Iyko Day

Associate Professor of English
Chair, Critical Social Thought

Asian American literature and visual culture, Critical Ethnic Studies, Marxism, Settler Colonial Studies, Queer of Color Critique, American Studies.

Iyko Day’s research focuses on the intersection of Asian racialization, Indigeneity, and capitalism in North America.  She has publications that explore the settler biopolitics of landscape art; the settler colonial logics of Japanese internment in Canada, the US, and Australia; as well as articles examining comparative racial formation in Canada and the US and comparative Asian Canadian and Asian American literary history.  Her articles have appeared in journals such as American Quarterly, Amerasia Journal, and Canadian Literature.  Her book, Alien Capital: Asian Racialization and the Logic of Settler Colonial Capitalism (Duke UP, 2016) retheorizes the history and logic of settler colonialism by examining its intersection with capitalism and the racialization of Asian immigrants to Canada and the United States.  Through an analysis of Asian American and Asian Canadian literature and visual culture, she explores how the historical alignment of Asian bodies and labor with capital’s abstract and negative dimensions became one of settler colonialism's foundational and defining features.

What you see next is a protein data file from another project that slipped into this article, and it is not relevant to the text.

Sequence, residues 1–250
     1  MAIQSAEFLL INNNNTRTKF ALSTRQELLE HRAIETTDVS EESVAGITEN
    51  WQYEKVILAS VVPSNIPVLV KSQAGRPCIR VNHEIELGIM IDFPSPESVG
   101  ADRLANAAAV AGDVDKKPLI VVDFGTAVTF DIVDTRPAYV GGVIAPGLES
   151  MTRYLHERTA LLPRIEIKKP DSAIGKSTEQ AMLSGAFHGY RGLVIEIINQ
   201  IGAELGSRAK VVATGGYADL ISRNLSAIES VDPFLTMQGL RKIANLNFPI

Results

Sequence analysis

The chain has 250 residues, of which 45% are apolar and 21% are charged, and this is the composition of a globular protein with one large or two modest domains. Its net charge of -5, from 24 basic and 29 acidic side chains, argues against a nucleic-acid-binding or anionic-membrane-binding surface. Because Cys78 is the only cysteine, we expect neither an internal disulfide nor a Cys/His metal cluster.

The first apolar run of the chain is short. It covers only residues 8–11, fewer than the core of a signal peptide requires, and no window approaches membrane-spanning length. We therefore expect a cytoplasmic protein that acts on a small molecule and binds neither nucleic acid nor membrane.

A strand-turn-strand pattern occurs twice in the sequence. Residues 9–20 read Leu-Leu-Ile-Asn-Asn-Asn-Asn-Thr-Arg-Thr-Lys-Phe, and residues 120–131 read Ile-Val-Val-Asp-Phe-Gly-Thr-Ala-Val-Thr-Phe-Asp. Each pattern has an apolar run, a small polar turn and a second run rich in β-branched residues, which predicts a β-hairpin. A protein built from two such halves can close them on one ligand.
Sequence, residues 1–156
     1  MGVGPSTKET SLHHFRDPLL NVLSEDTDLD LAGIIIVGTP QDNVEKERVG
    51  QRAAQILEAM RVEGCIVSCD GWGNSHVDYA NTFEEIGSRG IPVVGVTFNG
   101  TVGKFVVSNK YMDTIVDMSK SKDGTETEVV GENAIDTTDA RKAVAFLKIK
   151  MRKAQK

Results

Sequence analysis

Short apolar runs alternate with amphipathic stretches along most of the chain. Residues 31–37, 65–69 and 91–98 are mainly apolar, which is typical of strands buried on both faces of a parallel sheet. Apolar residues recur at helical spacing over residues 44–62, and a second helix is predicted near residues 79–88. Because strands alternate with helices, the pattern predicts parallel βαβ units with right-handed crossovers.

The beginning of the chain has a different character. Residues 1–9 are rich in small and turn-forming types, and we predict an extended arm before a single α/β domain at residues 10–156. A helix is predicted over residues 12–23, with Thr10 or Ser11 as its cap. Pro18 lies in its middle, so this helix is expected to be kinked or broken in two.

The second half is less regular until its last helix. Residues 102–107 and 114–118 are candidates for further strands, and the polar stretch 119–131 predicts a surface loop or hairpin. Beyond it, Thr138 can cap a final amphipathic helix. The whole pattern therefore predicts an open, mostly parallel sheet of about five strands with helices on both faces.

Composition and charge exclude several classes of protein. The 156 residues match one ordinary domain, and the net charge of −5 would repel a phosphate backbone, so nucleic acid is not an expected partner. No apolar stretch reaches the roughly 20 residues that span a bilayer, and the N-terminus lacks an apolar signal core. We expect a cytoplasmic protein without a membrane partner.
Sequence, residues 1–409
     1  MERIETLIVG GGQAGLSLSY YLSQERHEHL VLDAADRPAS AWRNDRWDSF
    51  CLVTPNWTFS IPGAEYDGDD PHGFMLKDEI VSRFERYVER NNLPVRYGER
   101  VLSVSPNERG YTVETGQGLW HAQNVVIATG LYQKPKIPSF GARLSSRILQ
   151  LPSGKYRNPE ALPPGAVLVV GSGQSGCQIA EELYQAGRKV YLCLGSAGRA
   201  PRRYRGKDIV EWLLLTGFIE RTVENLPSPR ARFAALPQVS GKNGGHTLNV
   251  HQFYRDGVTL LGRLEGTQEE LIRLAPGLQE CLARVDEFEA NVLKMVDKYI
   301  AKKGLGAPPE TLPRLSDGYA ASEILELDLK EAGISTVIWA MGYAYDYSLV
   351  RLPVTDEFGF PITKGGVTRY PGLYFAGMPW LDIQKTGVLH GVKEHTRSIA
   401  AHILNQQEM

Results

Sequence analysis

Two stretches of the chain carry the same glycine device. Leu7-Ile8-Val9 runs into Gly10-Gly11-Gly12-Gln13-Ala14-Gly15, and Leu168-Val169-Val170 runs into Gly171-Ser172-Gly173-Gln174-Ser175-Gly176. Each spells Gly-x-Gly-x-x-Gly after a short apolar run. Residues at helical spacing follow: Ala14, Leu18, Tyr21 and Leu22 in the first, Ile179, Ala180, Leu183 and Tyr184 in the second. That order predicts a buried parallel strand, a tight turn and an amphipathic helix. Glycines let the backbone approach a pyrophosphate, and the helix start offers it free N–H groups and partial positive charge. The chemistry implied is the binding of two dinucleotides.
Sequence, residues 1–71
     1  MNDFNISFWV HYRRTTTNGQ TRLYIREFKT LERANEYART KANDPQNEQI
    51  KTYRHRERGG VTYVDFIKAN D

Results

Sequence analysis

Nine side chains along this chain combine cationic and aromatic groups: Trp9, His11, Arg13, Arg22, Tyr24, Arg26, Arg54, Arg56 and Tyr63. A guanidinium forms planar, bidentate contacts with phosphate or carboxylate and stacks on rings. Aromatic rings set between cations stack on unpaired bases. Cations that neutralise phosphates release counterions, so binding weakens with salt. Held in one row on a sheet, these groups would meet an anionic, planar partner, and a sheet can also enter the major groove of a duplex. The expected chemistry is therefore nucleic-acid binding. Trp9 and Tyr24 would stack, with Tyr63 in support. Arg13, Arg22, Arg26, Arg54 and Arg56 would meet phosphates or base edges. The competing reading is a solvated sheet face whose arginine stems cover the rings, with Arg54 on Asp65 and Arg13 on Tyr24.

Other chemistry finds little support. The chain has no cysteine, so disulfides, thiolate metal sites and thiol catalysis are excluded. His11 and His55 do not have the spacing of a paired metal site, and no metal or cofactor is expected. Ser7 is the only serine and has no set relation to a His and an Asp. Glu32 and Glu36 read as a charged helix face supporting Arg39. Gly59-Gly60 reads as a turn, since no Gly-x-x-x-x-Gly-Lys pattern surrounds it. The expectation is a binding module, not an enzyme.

Selected publications:

  • Alien Capital: Asian Racialization and the Logic of Settler Colonial Capitalism, Duke UP, 2016.
  • “Being or Nothingness: Indigeniety, Antiblackness, and Settler Colonial Critique.” Forthcoming in Critical Ethnic Studies 1.2 (2015).
  • “Tseng Kwong Chi and the Eugenic Landscape.” American Quarterly 64.5 (2013): 91-118.
  • “Alien Intimacies: The Coloniality of Japanese Internment in Australia, Canada, and the US.” Amerasia Journal 36.2 (2010). 107-124. Awarded the American Studies Association (ASA) Comparative Ethnic Studies Essay Prize at the ASA Annual Conference, Washington, DC, Nov. 5-8, 2009.
  • “Must All Asianness Be American?: The Census, Racial Classification, and Asian Canadian Emergence.” Canadian Literature 199 (2008): 45-70.
  • “Lost in Transnation: Uncovering Asian Canada.” Amerasia Journal 33.2 (2007): 69-85.
  • “Interventing Innocence: Race, ‘Resistance’, and the Asian North American Avant-garde.” Literary Gestures: The Aesthetic in Asian American Writing. Eds. Rocio Davis and Sue-Im Lee. Philadelphia: Temple UP, 2005: 35-51